It's such a cold night. The air is still and freezing and the streetlight provides no warmth, simply a harsh pool of sterile light. Underneath the light she's huddled, sucking as much heat as she can out of her only cigarette. Her hands shake as she brings it up to her pale lips, takes one last drag, and flicks it away. The cold extinguishes the glowing spark at once, and all that is left is the smoke, spiralling up past the light to mix with the night air. It starts to rain. Slowly at first, but gradually getting heavier. Eventually, she pads out of the light and down the street to where a derelict warehouse sits. She'll be dry there if not any warmer. Her eyes dart about between the dark, tangled locks of hair that covers most of her face. She's looking for something, though she looks terrified of finding it. A man passes her in the street, giving her a brief smile before donning a pair of sunglasses. She gives it no further thought as the rain turns to hail, which stings as it collides with her head and neck. But just as she reaches the shelter of the warehouse, a thought crashes over her.
She knows that man. The man who wears shades at night, who is always impeccable in a shirt and dinner jacket. She knows him all too well. Then she becomes aware of other things. The way the hail suddenly stops, and the soft click as a safety catch is removed from a gun. The warehouse is dark but she darts inside, feeling a relief at losing herself in the darkness. Her relief, however, is short lived. A shot screams out from a gun and the splintering of wood and a blossoming of pain tells her she's been clipped by a bullet. She runs on into the darkness, melting away, just as a dozen black clad men and women move into the building, guns in hand, Their eyes are empty, merciless and they pad through the building without a sound, more shadow than human.
It's a while before she is found. She's on the crumbling roof, right on the edge. Below there is nothing, simply a deep abyss. She turns to face him as soon as he appears, her face hidden in shadow. Trees that were mere seeds when the warehouse was being built have swelled and grown to become giants. She holds a smooth leafless branch on one hand, as much for comfort as support. He smiles quizzically, waiting for her to speak. Finally, the words come.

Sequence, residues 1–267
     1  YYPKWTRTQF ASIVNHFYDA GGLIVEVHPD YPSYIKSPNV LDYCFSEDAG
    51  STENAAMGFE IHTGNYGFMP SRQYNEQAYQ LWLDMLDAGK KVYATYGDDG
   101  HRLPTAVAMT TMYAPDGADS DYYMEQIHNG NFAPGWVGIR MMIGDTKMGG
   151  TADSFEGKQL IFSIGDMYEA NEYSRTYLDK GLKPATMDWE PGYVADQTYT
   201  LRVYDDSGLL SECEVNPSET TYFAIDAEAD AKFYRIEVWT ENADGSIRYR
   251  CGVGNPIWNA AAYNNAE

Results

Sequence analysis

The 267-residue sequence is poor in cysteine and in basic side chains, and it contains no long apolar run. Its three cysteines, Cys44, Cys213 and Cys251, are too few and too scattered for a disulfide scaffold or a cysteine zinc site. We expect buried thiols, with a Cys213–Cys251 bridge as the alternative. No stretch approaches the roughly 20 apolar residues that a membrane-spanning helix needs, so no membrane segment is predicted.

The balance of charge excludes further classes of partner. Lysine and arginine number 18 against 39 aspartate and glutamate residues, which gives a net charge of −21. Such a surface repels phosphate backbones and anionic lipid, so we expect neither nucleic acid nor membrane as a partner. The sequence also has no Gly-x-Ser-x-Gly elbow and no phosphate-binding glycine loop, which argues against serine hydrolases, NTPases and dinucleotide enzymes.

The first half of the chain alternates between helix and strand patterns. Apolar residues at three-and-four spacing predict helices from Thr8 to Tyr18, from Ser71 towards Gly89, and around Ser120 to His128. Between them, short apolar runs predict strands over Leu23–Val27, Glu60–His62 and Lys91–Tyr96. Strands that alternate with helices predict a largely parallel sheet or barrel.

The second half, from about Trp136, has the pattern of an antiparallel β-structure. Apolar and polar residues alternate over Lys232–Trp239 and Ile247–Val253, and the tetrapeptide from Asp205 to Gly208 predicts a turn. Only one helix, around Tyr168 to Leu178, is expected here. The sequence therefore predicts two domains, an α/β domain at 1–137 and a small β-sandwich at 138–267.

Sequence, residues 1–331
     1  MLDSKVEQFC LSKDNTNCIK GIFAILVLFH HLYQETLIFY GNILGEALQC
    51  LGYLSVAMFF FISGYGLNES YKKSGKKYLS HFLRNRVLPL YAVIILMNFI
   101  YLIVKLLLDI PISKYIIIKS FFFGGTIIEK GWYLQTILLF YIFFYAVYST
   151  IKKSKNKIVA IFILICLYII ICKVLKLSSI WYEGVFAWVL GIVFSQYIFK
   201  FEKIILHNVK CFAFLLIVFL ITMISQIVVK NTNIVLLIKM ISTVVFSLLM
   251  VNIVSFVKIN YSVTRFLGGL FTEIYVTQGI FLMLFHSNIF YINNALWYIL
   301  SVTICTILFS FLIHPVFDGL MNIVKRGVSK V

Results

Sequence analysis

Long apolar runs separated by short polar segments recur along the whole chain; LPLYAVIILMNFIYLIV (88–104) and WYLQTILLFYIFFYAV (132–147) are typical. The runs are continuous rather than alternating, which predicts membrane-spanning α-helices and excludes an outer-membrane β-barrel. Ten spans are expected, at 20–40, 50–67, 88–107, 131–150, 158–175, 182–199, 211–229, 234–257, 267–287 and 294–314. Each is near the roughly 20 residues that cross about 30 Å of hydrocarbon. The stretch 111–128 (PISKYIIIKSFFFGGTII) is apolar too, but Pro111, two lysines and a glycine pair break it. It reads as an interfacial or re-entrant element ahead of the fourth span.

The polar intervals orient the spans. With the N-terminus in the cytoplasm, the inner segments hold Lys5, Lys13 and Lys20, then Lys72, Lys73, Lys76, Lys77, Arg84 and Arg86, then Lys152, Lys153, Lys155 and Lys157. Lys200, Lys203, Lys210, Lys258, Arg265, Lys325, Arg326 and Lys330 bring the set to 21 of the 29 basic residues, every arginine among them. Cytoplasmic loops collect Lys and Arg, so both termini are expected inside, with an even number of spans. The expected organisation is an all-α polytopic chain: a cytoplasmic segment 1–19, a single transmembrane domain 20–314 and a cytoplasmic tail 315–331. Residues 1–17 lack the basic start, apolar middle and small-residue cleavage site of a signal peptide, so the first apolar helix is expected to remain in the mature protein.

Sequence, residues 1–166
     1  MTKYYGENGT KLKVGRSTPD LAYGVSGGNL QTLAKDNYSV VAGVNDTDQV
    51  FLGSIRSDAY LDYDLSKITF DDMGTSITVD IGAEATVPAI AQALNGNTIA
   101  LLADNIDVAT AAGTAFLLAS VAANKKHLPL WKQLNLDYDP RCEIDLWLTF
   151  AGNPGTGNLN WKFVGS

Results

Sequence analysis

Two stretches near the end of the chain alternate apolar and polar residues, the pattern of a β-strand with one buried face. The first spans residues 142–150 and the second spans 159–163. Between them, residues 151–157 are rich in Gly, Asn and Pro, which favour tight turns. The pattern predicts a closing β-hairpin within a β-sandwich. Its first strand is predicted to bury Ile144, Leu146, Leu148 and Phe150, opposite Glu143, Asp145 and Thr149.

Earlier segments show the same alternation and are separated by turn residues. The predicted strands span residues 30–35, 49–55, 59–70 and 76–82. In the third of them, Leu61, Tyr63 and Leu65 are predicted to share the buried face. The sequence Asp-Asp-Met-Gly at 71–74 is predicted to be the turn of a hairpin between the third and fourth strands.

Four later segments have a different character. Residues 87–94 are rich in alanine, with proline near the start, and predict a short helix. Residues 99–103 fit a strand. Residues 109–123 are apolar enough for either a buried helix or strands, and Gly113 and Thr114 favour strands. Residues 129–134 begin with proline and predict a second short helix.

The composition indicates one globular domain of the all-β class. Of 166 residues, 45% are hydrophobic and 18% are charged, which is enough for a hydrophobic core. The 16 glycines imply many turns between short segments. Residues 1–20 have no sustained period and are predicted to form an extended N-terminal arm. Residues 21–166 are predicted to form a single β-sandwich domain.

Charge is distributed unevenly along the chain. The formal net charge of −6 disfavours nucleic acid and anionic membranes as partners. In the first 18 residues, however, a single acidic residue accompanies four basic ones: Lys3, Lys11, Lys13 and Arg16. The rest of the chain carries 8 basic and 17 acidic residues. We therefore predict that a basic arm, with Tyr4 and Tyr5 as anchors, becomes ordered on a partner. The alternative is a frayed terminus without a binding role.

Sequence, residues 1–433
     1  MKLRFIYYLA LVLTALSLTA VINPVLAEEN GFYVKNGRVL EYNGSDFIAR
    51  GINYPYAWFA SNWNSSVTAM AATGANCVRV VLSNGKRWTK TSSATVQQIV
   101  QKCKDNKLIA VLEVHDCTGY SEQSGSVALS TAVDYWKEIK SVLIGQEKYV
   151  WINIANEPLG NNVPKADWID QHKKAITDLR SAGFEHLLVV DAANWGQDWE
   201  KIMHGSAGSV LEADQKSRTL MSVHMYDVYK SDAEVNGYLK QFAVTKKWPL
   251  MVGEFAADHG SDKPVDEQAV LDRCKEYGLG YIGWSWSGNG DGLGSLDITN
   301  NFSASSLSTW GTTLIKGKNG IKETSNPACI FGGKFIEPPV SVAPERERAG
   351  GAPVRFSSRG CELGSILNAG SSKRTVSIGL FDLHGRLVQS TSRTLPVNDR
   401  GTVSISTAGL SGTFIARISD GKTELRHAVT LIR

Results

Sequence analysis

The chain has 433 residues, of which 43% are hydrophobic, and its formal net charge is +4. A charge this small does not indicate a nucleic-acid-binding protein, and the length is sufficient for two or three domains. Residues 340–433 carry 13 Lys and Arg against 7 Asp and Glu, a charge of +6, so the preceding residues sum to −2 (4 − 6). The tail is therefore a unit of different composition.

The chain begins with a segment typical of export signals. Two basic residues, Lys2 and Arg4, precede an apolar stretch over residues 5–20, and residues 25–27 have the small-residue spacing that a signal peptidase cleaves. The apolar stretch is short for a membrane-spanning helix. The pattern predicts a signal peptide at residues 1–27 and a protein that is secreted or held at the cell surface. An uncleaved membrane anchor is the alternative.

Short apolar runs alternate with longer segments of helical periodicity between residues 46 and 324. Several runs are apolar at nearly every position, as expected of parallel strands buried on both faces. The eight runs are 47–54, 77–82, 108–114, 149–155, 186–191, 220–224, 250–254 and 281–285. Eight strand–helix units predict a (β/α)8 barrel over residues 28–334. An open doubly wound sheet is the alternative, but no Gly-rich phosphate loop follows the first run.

"I'm tired," she whispers. "I'm so tired. Tired of running, tired of living." She pauses for a moment, letting her words twist and flow across the void between them. Only the white of his shirt is visible in the dark, and he looks like a ghost. She takes a shuddering breath and her voice grows in strength.
More people appear on the roof as she speaks, waiting, listening. Their guns hang by their sides, almost but not quite forgotten.
"I didn't do that. You know that, I know that. You just needed to wash the blood off your hands and transfer it to mine." Her voice takes on a resolute tone, as if something has been decided, and she brushes her hair out of her face, showing them a young girl. The clouds have drifted away and the moonlight bleaches everything into shades of white and black. She looks like a ghost.
"I can't do this anymore. You'll always be there, a few steps behind me. You're my shadow and you'll never be gone. You'll haunt me 'til the day I die if you must." She closes her eyes for a moment and when she opens them all traces of angst, fear and panic have gone. She's beautiful in the moonlight, a beautiful ghost. Already dead.
"I always loved the winter," She whispers cryptically. "It's when all the beautiful things die, or sleep. But they're always back. Always." She pauses, turning her gaze down into the black. It's lit up for a second by the moonlight and she realises, at last, that this is the end. Not just the end of the hiding, the pain and the terror. It's the end of the beautiful things too, the end of days on the beach and nights under the stars. Her arm is raw where the bullet has clipped it and blood runs down her arm, dripping and pooling on the floor. "But I'm not like the flowers," she murmurs, her eyes on the blood, "and I won't come back." Leaving the men and women standing on the roof, she jumps. She misses the trees and falls down and down. The moon has gone in again and it's like she's going to fall forever, into a pool of ebony.
When the morning sun finds her body, she looks asleep, her lips slightly parted and her eyes closed. Beside her broken form is a tiny, exquisite flower, petals open to the winter sun.